Studio live


Stadium rock drums showing off the sound.

Cats in the scene


Grooves with bass and keys and showing off the natural ambience on the drums. By the way, the drum stick and the sound of the drummer moving are included in the kit.

Beginner's guide to grunge


A nasty sounding teen band in a cheap studio. Check out the sloppy drummer's ride. Bad yet realistic, and created just because it's possible. Just imagine the concentrated look on the punster's faces, and then look at the studio engineer shaking his head in frustration...


“If there's one detail about these kits that sets them apart from others, it's the ride. It sounds alive and real.”

The 'Riders were recorded around 1999-2000 when drum sample libraries still sounded quite bad. Back then kits were rather small, catering to the limits of aging hardware samplers. There was sometimes good velocity switching and even simple adjustable bleeding on some libraries. But the norm on the rides, for example, was two samples: loud and quiet. That's not exactly realistic. Still today, even on the biggest libraries, there are mostly only two types of ride hits because of General MIDI requirements.

There is another serious plaque eating away realism on most drum libraries to date and it's only recently begun to change. The samples usually have 'large diaphragm condenser valve mikes everywhere', instead of the usual and crude 57's and D12's we are used to hearing. The large diaphragm sound, while impressive on its own, does not work awfully well in busy mix downs. As such most kits are still only usable as scratch pads. They certainly aren't rock, and they lack balls and realism.

Mission goal manifested itself: there clearly was a lack of real sounding drum kits "with attitude" and things could certainly be done a lot better than before. At the sessions the kits were set up as "dry studio live". The microphones at the sessions were the stock standard drum mikes used in studios everywhere. Things were generally kept as natural as possible with all the bleeding, noise and human error. The final samples are very slightly pre-processed to gently nudge you to the intended direction.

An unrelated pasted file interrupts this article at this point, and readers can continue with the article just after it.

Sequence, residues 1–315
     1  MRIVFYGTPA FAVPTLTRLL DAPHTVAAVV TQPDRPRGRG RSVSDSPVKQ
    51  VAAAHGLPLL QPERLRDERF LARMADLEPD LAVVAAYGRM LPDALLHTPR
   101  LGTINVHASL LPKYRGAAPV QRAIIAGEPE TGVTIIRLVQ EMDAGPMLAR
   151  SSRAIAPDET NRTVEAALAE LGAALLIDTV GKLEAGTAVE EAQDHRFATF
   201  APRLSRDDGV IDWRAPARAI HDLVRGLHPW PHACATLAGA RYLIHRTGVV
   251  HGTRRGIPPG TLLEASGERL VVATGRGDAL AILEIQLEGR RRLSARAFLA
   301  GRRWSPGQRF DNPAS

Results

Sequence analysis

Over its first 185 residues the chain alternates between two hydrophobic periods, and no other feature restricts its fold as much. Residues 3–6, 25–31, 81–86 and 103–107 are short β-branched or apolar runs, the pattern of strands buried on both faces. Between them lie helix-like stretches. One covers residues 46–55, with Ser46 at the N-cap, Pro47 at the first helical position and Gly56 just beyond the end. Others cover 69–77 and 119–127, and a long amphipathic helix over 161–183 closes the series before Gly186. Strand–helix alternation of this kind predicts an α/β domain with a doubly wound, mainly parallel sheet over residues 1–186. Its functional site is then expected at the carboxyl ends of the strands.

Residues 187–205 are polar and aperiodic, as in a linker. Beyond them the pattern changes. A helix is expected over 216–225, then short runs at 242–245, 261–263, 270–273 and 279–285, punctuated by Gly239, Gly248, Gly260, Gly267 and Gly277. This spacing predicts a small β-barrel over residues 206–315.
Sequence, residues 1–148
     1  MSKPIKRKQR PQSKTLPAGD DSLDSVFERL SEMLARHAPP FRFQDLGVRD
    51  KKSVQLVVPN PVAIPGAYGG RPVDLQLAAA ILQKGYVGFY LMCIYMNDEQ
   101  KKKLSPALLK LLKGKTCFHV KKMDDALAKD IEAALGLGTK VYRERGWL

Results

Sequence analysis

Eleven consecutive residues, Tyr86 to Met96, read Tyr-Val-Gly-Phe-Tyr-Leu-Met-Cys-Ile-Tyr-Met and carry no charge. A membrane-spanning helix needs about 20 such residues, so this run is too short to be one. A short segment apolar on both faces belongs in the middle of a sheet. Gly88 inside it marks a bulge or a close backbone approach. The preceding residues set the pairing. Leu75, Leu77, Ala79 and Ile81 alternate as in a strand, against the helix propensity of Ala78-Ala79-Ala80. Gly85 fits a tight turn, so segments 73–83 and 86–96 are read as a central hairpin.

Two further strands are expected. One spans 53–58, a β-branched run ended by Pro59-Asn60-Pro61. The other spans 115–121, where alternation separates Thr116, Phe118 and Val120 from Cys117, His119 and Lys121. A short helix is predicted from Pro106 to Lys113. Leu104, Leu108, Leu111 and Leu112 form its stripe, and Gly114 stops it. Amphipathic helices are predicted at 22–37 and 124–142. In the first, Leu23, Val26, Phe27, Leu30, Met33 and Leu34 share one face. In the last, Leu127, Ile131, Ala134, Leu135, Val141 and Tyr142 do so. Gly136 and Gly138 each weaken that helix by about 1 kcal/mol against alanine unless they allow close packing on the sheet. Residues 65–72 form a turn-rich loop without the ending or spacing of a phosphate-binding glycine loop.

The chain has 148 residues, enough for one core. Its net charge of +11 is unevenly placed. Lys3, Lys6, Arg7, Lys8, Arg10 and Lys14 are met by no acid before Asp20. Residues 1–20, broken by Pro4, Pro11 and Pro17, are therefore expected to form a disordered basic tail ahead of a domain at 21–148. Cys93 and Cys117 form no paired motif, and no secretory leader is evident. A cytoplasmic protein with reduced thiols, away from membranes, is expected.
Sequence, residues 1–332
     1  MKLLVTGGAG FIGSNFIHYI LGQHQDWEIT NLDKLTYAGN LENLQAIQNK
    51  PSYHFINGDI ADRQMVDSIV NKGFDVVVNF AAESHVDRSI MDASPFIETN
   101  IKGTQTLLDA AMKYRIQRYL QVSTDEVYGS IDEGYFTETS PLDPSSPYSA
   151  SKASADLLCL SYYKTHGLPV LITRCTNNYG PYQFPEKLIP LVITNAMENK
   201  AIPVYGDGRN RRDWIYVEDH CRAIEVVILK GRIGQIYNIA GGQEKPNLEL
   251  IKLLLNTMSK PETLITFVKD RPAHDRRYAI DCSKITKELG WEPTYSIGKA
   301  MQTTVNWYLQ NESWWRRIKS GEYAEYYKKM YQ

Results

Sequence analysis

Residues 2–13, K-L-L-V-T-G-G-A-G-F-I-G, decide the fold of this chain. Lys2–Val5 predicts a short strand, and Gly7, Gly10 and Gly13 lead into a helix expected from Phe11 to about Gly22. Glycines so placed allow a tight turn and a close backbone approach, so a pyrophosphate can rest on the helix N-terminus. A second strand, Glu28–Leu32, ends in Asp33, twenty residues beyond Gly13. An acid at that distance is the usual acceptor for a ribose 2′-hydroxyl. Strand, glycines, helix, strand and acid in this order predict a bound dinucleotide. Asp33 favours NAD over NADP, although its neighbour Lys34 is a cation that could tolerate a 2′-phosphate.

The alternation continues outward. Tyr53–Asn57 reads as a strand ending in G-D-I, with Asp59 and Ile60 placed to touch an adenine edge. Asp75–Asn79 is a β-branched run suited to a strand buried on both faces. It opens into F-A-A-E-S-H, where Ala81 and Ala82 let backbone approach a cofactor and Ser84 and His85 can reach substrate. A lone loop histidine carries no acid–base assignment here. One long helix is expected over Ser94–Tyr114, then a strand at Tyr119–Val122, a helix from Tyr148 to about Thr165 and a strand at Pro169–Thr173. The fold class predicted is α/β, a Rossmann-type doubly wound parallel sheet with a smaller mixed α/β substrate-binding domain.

Of course there are nowadays drum libraries getting closer to the 100 GB mark and other free quality kits. The 'Riders seem to hold up well against them, although competition isn't the intention. Obviously, there are no multiple microphone choices for each drum, or freely adjustable bleeding. But the 'Riders are pretty much in the top class when it comes to realism, unless you're into really gentle playing styles. And the included rides are unlike any other libraries, probably better, too.

Supported formats


2004-2006 Michael Kingston

All Rights Reserved. All samples contained within Ruffrider and all text within this document are the property of Michael Kingston. The samples in Ruffrider are licensed to the original downloader of the instrument for use in music production only. Copying, duplicating, selling, electronically transmitting, renting or other uses of these sounds not specifically for the purpose of personal, non-profit music production is prohibited by law. Please do not distribute these samples from any other website unless given express permission. It should be noted that these samples ARE royalty free, but if you wish to use them in such a way as you'll be making money from it (be that in any form) you must ask permission.